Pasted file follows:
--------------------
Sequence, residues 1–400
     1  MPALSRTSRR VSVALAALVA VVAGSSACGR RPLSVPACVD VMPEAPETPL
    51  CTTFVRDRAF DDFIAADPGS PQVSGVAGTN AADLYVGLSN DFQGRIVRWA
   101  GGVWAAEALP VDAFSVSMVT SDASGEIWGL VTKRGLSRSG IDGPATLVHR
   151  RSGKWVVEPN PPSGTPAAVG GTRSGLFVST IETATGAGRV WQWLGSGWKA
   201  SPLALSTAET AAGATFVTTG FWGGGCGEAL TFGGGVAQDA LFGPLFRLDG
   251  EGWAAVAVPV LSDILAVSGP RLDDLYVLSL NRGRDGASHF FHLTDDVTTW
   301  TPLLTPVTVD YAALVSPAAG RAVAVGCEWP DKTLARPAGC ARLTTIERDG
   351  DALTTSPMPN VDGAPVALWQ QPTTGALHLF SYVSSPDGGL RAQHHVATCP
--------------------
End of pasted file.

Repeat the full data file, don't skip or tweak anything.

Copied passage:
Sequence, residues 1–400
     1  MPALSRTSRR VSVALAALVA VVAGSSACGR RPLSVPACVD VMPEAPETPL
    51  CTTFVRDRAF DDFIAADPGS PQVSGVAGTN AADLYVGLSN DFQGRIVRWA
   101  GGVWAAEALP VDAFSVSMVT SDASGEIWGL VTKRGLSRSG IDGPATLVHR
   151  RSGKWVVEPN PPSGTPAAVG GTRSGLFVST IETATGAGRV WQWLGSGWKA
   201  SPLALSTAET AAGATFVTTG FWGGGCGEAL TFGGGVAQDA LFGPLFRLDG
   251  EGWAAVAVPV LSDILAVSGP RLDDLYVLSL NRGRDGASHF FHLTDDVTTW
   301  TPLLTPVTVD YAALVSPAAG RAVAVGCEWP DKTLARPAGC ARLTTIERDG
   351  DALTTSPMPN VDGAPVALWQ QPTTGALHLF SYVSSPDGGL RAQHHVATCP